Filed Under:Agent Broker, Coverage Issues

Policy Issues: ISO Program Revisions

ISO HO 2011 shows that filings aren’t the Holy Writ of days gone by

Chris Amrhein, AAI, is an insurance educator and speaker with more than 30 years in the industry. He also is the chief fun officer at insuranceisfun.com, and author of "Yes Virginia, There is Insurance." He serves as AA&B's Policy Issues columnist.

One of the joys of fall is seeing the harvest come in from those fruit and vegetable gardens that you labored over so loyally all summer. The time and trouble pays off when you realize, as you savor that incredible “fresh from the garden” flavor, what those who purchase edibles from the grocery store are missing. They think all produce tastes exactly the same, rather than appreciating the vast variety available for the feast.

Yet the old ways die hard. Following the tried-and- true advertising motto of "Well, if it ain't true, act like it is," publishers, education providers and others dreaming of the potential windfall cash-flow of the old days still treat a new ISO program rollout like a "must see, must act, must know" event—when in reality it's more of a "interesting, wonder if it matters?" sideshow.

“So what?” you may be asking. Isn’t it better for everyone if no single monolithic organization dictates the standard form language applicable to all? For good or ill, at least we are all on the same page, all can learn the same lessons and at claim time all will know what will and won’t be paid.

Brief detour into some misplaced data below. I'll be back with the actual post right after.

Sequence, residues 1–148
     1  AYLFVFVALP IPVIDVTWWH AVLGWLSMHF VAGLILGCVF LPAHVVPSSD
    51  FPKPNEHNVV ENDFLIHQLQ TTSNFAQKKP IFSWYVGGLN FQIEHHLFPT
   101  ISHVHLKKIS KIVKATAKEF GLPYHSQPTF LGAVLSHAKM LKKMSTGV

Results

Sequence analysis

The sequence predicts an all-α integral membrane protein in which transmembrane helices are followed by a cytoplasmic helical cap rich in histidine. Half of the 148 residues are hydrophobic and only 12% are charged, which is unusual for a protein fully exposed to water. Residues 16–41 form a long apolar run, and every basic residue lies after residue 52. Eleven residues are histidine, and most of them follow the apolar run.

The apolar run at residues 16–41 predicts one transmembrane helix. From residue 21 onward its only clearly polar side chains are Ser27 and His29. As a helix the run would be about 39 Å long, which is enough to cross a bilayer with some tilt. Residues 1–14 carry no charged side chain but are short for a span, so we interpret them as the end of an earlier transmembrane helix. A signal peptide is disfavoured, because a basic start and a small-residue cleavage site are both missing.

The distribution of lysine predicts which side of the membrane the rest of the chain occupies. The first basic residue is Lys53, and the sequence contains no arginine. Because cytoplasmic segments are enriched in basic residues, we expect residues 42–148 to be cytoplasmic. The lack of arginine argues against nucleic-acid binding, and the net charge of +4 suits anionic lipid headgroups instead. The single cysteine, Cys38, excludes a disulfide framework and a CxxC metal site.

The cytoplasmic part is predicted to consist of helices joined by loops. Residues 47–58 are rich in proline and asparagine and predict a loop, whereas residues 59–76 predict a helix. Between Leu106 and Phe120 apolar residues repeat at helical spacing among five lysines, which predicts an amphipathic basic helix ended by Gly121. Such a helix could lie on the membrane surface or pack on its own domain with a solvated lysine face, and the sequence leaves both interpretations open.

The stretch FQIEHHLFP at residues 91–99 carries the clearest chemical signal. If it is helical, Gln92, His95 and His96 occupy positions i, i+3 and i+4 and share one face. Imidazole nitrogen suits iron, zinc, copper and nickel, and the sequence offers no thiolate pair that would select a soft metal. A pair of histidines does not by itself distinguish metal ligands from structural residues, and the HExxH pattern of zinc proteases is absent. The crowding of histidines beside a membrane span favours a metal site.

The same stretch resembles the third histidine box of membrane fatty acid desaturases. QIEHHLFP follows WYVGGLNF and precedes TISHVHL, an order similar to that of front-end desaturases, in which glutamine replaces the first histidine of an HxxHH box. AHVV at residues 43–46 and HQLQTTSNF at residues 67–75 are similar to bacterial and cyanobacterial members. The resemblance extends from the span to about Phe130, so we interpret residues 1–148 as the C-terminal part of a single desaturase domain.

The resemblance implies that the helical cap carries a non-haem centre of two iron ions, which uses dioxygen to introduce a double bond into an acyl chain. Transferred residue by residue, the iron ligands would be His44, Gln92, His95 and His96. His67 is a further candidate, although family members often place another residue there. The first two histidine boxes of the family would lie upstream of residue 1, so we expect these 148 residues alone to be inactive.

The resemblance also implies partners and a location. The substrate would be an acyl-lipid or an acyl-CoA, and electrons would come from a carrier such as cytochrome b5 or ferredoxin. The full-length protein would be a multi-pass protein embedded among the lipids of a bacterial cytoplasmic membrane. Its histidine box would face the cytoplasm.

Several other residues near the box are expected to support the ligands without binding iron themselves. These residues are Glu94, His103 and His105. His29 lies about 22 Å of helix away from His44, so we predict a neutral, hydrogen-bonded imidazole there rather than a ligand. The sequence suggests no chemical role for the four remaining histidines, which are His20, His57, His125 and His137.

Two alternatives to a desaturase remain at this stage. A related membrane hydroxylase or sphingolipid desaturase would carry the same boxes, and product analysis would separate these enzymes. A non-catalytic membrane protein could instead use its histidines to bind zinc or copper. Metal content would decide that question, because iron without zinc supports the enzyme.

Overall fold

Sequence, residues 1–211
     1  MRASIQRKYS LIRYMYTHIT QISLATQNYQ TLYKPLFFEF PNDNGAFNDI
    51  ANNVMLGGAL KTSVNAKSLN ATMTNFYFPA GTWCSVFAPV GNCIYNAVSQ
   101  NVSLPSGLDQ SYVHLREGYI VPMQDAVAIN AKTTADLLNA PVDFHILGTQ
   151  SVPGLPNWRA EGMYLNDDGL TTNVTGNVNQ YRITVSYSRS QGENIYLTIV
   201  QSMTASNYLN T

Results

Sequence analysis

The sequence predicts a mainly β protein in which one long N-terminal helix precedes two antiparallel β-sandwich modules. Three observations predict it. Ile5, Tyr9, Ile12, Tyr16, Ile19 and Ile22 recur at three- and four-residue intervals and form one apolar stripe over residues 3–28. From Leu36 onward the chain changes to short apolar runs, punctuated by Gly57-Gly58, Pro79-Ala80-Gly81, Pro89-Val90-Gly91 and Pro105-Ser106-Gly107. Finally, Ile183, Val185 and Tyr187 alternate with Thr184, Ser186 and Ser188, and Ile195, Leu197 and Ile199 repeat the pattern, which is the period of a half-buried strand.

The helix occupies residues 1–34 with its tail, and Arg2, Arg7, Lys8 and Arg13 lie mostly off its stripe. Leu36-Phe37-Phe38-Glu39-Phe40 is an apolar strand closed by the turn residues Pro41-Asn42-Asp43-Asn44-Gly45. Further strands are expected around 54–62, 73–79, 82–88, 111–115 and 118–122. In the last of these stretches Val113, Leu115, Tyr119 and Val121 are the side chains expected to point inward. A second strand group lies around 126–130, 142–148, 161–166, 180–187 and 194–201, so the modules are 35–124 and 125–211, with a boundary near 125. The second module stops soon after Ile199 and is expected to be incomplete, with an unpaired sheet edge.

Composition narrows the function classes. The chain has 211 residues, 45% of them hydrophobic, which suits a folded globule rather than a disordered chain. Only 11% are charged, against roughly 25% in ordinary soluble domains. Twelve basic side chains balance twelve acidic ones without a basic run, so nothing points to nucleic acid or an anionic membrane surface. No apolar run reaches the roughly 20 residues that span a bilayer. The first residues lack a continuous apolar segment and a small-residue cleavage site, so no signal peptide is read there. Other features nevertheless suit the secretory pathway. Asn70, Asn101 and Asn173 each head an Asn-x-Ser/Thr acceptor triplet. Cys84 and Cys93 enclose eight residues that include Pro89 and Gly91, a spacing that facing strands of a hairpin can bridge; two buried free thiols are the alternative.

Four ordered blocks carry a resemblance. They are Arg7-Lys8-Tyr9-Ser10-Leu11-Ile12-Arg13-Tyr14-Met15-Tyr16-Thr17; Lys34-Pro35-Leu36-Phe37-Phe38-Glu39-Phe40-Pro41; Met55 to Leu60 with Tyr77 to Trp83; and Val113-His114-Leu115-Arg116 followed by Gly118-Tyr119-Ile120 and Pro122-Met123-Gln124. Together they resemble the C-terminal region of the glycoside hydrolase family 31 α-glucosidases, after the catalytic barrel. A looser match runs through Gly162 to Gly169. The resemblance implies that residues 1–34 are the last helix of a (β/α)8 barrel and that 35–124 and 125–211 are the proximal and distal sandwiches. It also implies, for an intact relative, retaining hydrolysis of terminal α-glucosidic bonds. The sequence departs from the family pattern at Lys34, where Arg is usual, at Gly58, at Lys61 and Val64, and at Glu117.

Consider just a few of the implications:

  • All insurance classes, textbooks and technical articles should bear the following disclaimer: "WARNING: Nothing contained herein regarding ISO form language and usage should be interpreted as valid and applicable now or in the immediate future. Please consult your carriers and/or competition for the latest effective status."
  • No broad-brush summaries of coverage should be provided to prospects and insureds without the following disclaimer: "WARNING: Nothing contained herein should be construed as true. Please see your actual policy for actual coverages and details."
  • All blog posts, tweets and web articles discussing actual coverage should include the following disclaimer: "WARNING: This content is for general information purposes only. Do not assume reading this will help you in any way, shape or form to actually understand what your current insurance will or will not do in an actual claim situation. Only your specific policy can be relied upon for valid information on your current protection, assuming you can make any sense out of the wording in the first place."

Bottom line: if you want the right coverage, you better look only at the specific, applicable forms in current force for a specific client or carrier. Any other specific coverage information, regardless of source, should be considered generalizations and opinions, not fact—and certainly not to be acted upon as if it were fact.

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